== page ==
Air Resistance - The Mirror Master uses a special mirror to shrink The Flash so he's knee-high to a mouse. As he avoids the villain the Flash tumbles from the top of a building, but as the editor notes "It is a fact that tiny animals can fall from great heights without injury! This is because of the slight weight and the buoyancy of the air!"
Radiation - The last panel is packed with internal dialogue as Flash explains how he'll use "certain radiation" to grow back to his full size. A quick search on the internet shows that, yes, some amphibians, fungus, and plants grow larger under UV or infrared radiation, but the same search will also yield results showing that some tumors can grow and metastasize under similar radiation. Hopefully The Flash knows what he's doing, since he's full size a page later where we see my favorite "Flash Fact."
Tornado Forces - As the Flash erupts a wall the editor notes "just as a tornado-driven straw can penetrate several feet of solid oak, so can Flash at super-speed penetrate solid walls!" This was one of my most favorite Flash facts, as well as a convenient mechanism for speeding up the action. I mean, this "fact" gave the Flash the ability to run through walls -- way cooler than Superman bursting through the wall. Fortunately for us we're dealing with fiction, since this ability is about as realistic as time-travel.
It's true that a tornado has a lot of force, and can send field grass flying at speeds greater than 200 mph. But most evidence and experimentation doesn't show that the straws pass through trees without harm to either object. MythBusters had an episode dedicated to answering the question whether the grass could go through the tree. In their experiment the grassy missile penetrated less than an inch into the tree.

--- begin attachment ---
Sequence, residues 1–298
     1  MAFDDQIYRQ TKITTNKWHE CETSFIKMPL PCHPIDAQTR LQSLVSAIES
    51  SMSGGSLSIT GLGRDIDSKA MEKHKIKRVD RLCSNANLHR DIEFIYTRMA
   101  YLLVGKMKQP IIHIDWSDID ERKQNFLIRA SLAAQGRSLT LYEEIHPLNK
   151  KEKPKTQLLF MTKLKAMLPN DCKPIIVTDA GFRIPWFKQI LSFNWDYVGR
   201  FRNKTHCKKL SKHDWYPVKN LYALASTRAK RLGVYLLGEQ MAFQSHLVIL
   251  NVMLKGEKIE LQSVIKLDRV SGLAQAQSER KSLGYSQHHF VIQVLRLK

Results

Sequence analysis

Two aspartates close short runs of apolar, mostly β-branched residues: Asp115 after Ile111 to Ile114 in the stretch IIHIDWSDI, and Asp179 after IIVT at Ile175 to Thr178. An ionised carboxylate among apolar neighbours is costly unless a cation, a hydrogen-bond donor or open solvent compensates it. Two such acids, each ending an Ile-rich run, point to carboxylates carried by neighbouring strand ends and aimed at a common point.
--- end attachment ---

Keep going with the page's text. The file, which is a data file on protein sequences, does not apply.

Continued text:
"Propelling a piece of straw at a palm tree at a distance of 50cm at 320mph (the world record for recorded wind speed at ground level), the straw only managed to penetrate the tree a quarter of an inch. Even firing at the tree while it was bent (to increase the size of the pores in the surface of the tree) at point blank range added no additional distance into the tree. A piece of reed was tested as the sturdiest organic object that might be mistaken for a piece of straw. At both ranges, the reed only managed to go about two inches into the tree. Additionally, Jamie tried a piece of piano wire, and at 50 cm, it flew not only through the tree but through a sheet of plywood on the wall behind it, partially embedding itself into the cement wall."
Regardless of whether the straw could pass through the tree, if the Flash tried to use his super speed to zip through a wall, he'd probably end up partially embedded in it, or considering that he doesn't quite have the same structure as a reed, maybe splattered against it.
|Actual straws that thought they were The Flash|